Angelica sinensis, commonly known as dong quai (simplified Chinese: 当归; traditional Chinese: 當歸; pinyin: dāngguī; Jyutping: dong1 gwai1; Pe̍h-ōe-jī: tong-kui) or female ginseng, is a herb belonging to the family Apiaceae, indigenous to China. Angelica sinensis grows in cool high altitude mountains in East Asia. The yellowish brown root of the plant is harvested in the fall and is a well-known Chinese medicine which has been used for thousands of years.
Angelica is hardy to 5 °C (41 °F) and can be cultivated at elevations of 1,500 to 3,000 metres (5,000–10,000 ft). Seedlings need to be kept out of direct sunlight, but the mature plant can withstand it. Angelica requires deep moist fertile soil and is perennial if prevented from going to seed.
The dried root of A. sinensis – commonly known as Chinese angelica (Chinese: 當歸; pinyin: dāngguī; Pe̍h-ōe-jī: tong-kui) – is widely used in traditional Chinese medicine, although there is insufficient evidence that it has any medicinal effect.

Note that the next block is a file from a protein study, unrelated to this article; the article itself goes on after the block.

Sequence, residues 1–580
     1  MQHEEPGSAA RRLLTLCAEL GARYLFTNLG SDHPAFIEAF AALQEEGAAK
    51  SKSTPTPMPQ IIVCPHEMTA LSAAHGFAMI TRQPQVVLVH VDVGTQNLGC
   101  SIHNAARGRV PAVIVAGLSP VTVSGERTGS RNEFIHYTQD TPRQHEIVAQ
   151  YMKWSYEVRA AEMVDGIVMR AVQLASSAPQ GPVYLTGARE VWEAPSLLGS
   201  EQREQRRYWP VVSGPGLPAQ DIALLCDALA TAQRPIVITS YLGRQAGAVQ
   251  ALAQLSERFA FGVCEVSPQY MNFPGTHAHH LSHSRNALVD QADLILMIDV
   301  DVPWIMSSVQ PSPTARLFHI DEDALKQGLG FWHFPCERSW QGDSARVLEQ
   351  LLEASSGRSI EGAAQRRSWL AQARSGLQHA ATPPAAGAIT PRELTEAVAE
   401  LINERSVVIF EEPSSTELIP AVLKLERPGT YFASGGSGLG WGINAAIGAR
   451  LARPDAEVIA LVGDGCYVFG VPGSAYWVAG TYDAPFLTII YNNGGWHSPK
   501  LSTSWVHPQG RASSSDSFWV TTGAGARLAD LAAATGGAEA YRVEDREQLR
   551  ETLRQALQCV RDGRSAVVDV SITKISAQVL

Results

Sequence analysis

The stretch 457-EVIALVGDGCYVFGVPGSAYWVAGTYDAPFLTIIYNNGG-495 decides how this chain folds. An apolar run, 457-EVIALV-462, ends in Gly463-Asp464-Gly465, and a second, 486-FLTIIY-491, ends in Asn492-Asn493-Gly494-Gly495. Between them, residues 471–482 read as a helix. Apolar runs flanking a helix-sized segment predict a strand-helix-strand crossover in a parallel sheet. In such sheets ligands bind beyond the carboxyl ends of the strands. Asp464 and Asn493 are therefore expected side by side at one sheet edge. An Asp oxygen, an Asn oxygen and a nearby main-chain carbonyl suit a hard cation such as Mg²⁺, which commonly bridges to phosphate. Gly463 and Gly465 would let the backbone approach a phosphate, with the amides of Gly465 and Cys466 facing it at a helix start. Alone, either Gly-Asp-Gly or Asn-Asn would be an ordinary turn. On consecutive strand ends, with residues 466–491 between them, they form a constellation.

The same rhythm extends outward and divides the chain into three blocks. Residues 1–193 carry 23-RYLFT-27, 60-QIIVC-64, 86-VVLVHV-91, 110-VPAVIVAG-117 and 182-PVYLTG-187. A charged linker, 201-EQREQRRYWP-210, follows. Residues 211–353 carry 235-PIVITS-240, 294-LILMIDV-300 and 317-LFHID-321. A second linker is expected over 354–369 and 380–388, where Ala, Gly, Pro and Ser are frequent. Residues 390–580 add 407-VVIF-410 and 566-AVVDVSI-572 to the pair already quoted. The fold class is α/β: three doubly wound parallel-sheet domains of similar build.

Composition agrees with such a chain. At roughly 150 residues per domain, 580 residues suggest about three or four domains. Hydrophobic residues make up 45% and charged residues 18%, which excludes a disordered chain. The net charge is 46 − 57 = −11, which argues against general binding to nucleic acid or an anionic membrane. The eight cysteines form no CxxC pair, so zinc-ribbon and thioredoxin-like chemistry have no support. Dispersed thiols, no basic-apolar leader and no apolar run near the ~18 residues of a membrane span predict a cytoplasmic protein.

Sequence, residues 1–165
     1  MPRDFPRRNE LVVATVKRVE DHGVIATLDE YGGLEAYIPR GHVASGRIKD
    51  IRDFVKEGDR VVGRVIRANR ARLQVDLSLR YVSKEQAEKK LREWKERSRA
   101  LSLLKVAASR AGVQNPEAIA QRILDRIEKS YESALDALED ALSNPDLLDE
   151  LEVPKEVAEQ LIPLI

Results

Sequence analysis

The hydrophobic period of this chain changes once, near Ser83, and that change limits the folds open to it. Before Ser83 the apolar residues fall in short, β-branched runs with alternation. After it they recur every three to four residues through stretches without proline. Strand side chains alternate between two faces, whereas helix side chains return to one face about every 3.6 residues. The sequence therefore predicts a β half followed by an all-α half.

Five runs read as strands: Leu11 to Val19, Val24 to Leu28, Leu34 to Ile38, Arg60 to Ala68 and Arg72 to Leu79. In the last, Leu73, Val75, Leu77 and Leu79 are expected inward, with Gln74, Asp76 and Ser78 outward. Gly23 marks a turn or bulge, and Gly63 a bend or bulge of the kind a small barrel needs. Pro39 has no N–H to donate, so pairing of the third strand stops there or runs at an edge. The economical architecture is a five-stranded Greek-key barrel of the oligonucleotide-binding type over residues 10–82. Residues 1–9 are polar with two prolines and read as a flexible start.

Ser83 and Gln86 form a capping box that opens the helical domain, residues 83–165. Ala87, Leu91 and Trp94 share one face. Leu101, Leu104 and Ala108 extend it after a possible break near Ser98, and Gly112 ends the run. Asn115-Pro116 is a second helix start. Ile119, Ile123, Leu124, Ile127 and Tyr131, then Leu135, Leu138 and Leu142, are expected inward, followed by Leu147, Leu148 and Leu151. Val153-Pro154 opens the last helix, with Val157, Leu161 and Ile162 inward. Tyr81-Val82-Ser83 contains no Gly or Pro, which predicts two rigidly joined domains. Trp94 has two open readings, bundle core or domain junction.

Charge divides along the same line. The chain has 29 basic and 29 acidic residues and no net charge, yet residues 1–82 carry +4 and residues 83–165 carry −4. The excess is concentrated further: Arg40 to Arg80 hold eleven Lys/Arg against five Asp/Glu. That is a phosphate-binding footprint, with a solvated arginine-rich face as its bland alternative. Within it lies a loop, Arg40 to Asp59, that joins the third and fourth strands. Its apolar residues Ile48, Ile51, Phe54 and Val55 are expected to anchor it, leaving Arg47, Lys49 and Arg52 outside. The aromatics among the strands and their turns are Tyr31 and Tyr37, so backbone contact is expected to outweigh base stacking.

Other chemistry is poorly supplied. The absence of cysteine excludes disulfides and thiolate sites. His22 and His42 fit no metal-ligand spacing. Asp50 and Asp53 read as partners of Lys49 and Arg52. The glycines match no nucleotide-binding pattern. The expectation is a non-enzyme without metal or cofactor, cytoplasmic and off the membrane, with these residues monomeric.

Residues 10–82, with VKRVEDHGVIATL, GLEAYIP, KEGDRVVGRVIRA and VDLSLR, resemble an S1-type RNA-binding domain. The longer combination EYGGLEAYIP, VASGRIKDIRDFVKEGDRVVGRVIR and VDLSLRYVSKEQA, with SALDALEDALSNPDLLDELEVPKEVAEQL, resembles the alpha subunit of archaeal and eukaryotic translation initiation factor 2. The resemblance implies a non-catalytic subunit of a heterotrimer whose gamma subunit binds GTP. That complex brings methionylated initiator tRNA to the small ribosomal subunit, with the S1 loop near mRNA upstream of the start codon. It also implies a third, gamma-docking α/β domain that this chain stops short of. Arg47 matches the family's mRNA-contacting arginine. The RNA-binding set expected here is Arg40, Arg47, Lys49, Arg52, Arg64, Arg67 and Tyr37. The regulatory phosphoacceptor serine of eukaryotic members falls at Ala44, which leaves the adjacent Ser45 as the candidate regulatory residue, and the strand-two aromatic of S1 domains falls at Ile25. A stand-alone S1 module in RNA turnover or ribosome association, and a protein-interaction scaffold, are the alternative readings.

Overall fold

There is evidence that A. sinensis may affect the muscles of the uterus. Women who are pregnant or planning on becoming pregnant should not use A. sinensis, because it may induce a miscarriage. Taking A. sinensis can cause skin to become extra sensitive to the sun, leading to a greater risk for skin cancer.
A. sinensis may increase the anticoagulant effects of the drug warfarin (as it contains coumarins) and consequently increase the risk of bleeding.
Due to the antiplatelet and anticoagulant effects of A. sinensis, it should be taken with caution with herbs or supplements (such as ginkgo, garlic, and ginger) that may slow blood clotting to reduce the possible risk of bleeding and bruising.
The plant's chemical constituents include phytosterols, polysaccharides, ligustilide, butylphthalide, cnidilide, isocnidilide, p-cymene, ferulate, and flavonoids.